Research shows that if we eat less, we will live longer?
The quest for longevity has been around since the days when people could barely make it to their late 40s. The first article on this topic was published in 1838 and even though we live almost twice as long now, many are still looking into ways of extending life expectancies even further. You have more influence on your longevity than you think!
The desire towards living longer isn’t new; It’s something that humanity pursues every day with varying degrees of success depending upon personal health factors or environment influences such as diet choices, which may include smoking rates among others things .
The body’s aging process is something we all go through, but there may be ways to increase life expectancy. One new diet based on research into the way your stomach ages suggests that you could live up to 20 years if you changed what, when and how much food enters our system. With approaches such as caloric restriction, intermittent or periodic fasting. The idea of intermittent and periodic fasting as a means to affect longevity is gaining momentum. Studies show that the practice can reduce cellular aging, while having little side effects on health span or cognitive function!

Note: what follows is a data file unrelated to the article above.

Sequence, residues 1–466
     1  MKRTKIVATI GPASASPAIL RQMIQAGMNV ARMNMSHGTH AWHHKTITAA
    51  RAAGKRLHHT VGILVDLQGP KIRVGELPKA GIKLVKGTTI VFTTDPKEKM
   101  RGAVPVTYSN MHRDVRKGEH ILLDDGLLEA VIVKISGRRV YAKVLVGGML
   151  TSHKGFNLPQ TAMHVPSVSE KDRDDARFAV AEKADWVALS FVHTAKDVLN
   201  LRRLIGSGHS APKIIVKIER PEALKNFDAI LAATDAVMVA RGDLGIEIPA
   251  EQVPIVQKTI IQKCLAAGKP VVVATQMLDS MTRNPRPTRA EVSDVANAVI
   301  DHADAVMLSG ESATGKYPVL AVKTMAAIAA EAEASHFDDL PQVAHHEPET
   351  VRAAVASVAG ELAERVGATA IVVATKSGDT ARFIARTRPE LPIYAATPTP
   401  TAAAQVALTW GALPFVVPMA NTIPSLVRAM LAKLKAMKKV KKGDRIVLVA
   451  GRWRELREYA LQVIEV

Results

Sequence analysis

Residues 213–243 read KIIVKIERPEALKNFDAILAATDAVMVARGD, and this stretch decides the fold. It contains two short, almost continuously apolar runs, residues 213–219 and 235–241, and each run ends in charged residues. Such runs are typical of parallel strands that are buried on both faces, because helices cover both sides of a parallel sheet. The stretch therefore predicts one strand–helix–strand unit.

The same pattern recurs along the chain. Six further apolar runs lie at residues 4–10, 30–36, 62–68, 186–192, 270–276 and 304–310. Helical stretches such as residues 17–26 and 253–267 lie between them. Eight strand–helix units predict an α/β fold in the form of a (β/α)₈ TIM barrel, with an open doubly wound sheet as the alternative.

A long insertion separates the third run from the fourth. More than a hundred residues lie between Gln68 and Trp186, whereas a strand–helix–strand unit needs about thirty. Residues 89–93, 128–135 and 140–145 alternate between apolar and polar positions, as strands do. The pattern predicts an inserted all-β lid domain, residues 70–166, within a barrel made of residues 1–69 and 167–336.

I’ve been a big advocate for fasting for years now. This isn’t some crazy super power, however it’s just an idea for better managing weight while also reducing risk factors like high blood pressure or diabetes- which contribute greatly towards early death and improving other aspects such as mental clarity. ”Dr Charles Pereyra
The big question has been What — and when — to eat for longevity?
When you go a stretch of time without food, your cells basically clean up and take out the trash so that they can prepare for another round of eating. To help with this process it is best if there’s at least 12 hours (ideally 18) between dinner on one day and breakfast/dinner on the next morning or afternoon – giving them plenty more energy than usual!
The diet a person follows affects the time span in which they can maintain their health and functional capacity. The 3 major components that make up this program: food composition (what you eat), calorie intake(how much)and length/frequency of fasting periods all play important roles for maintaining good physical form as well as mental wellness. This combination has shown to help reduce insulin resistance, blood pressure and other risk factors for individuals with increased disease risks.